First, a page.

In the absence of secure software development practises, it’s still a case of “Plus ça change…”:
[…] There were no surprises in this year’s Top 25, agree Buttner and Chris Levendis, MITRE CWE project leader. “A lot of the top weaknesses continue to be in the list, and we continue to see them even as 10 years have passed,” Buttner notes. While weaknesses toward the end of the list have fallen out in favor of new ones, the top weaknesses generally remain the same.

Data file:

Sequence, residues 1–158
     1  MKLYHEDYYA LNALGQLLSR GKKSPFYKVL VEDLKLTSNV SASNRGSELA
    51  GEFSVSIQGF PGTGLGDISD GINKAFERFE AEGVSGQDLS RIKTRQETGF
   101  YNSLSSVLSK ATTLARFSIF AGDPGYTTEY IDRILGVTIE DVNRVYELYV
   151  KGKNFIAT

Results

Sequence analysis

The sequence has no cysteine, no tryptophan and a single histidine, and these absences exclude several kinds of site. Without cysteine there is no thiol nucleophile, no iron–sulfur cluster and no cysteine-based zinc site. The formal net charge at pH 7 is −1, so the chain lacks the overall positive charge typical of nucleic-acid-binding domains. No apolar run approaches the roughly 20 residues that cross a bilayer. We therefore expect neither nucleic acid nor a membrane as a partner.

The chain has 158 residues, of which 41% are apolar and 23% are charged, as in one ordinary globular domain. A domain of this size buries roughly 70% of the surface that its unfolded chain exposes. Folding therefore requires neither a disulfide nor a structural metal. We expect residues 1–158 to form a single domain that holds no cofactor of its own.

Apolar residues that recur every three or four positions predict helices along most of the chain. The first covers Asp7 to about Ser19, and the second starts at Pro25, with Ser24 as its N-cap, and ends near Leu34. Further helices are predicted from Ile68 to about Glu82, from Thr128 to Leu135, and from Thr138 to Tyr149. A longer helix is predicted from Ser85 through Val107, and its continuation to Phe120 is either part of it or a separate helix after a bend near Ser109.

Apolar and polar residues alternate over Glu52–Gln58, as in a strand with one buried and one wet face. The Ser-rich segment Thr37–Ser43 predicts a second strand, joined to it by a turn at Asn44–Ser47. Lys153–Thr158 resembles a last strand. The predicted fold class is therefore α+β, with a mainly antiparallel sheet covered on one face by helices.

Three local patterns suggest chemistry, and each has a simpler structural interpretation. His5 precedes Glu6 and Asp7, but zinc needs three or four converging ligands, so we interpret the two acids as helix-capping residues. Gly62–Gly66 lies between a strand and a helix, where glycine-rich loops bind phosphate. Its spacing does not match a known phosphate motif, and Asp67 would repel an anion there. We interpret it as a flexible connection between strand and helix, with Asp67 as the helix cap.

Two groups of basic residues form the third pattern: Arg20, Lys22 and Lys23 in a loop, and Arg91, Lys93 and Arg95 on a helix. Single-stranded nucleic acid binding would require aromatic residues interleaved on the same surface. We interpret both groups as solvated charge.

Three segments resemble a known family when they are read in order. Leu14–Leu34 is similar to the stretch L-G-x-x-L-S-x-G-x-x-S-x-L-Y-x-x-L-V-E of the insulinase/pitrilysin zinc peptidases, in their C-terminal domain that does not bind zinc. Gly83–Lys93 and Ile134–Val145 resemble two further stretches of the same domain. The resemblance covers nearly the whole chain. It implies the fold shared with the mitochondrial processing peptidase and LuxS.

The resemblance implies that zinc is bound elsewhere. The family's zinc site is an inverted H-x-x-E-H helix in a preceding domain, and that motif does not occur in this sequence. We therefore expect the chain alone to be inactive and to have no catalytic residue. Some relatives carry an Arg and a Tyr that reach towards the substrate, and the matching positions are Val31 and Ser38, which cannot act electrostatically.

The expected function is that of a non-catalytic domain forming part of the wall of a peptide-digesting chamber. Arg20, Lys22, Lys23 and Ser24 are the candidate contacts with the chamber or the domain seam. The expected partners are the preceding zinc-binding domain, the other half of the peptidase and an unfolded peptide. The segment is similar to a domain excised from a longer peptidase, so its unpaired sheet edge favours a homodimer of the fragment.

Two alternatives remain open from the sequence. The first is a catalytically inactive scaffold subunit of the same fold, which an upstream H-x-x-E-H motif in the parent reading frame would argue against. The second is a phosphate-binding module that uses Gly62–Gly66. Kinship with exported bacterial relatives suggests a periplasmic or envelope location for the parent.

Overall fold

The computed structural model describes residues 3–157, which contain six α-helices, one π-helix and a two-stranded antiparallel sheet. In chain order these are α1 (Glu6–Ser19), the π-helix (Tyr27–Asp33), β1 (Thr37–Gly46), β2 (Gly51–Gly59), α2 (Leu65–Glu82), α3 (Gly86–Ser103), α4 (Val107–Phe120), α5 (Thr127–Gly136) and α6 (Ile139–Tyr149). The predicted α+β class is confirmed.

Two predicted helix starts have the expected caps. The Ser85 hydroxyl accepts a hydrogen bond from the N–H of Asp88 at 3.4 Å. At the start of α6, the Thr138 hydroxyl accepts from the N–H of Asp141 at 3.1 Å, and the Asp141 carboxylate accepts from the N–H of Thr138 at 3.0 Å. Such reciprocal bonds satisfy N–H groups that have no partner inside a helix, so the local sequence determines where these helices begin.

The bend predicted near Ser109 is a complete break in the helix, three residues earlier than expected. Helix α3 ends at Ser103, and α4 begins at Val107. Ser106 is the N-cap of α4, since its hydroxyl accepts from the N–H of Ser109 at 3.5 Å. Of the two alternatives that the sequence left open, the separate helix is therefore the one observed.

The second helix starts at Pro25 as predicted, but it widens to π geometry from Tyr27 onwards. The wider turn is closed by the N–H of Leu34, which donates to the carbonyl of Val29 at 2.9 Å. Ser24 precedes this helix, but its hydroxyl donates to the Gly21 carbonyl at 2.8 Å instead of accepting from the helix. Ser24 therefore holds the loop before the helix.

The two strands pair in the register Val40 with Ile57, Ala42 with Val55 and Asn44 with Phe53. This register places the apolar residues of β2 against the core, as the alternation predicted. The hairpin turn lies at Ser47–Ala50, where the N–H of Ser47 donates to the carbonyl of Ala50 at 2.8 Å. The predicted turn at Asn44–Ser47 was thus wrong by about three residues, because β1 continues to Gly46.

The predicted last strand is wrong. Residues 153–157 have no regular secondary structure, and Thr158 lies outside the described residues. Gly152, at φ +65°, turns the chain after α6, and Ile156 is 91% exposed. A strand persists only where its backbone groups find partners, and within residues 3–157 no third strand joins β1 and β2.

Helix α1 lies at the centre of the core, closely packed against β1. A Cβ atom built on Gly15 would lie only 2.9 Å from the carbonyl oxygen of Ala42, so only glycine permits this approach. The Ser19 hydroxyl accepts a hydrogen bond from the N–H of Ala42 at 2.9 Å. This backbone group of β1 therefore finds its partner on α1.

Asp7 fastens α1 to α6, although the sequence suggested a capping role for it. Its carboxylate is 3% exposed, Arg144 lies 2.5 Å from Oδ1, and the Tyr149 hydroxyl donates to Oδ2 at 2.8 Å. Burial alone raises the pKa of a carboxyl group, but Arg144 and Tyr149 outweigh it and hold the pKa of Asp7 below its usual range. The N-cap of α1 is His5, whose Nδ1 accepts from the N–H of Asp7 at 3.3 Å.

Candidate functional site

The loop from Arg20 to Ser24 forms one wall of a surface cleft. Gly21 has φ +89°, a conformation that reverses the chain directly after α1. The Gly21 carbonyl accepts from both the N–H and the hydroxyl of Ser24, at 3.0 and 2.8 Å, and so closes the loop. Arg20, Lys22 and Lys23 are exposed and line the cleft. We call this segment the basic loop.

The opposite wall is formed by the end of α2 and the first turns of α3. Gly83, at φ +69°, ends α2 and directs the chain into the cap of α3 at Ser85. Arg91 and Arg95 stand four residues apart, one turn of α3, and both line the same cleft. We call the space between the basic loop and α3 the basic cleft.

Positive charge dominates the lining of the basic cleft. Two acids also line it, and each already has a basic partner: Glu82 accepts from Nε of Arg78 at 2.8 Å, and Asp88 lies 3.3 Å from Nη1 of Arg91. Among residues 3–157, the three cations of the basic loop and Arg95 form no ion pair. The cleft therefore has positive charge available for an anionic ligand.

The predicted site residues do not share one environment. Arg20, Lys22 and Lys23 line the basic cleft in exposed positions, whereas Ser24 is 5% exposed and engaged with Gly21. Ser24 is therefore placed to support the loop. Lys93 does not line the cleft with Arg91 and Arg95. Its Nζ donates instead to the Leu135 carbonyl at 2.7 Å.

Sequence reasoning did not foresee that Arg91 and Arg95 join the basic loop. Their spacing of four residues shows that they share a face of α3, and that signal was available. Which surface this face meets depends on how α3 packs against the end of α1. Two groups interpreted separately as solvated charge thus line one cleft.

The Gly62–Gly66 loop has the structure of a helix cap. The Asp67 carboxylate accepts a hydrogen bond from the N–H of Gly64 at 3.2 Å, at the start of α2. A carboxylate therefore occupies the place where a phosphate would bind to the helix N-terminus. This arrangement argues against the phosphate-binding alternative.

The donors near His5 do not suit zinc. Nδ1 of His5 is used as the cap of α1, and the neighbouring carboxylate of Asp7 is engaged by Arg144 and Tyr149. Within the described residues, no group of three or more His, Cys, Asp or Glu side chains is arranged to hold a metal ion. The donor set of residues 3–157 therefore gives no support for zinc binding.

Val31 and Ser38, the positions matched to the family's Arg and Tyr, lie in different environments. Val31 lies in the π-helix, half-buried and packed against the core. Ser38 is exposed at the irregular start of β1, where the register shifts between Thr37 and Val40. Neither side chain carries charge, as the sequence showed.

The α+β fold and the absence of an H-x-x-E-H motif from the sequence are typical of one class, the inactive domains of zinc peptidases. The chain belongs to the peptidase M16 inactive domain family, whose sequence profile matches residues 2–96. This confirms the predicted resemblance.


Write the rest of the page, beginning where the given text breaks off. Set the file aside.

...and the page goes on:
The highest-ranking weakness, with a score of 75.56, is CWE-119, buffer overflow or “Improper Restriction of Operations within the Bounds of a Memory Buffer.” Some languages allow direct addressing of memory locations and don’t automatically ensure locations are valid for the memory buffer being referenced. This can cause read or write operations to be performed on memory locations linked to data structures or internal program data. An attacker could execute malicious code, change the control flow, read sensitive data, or crash the system.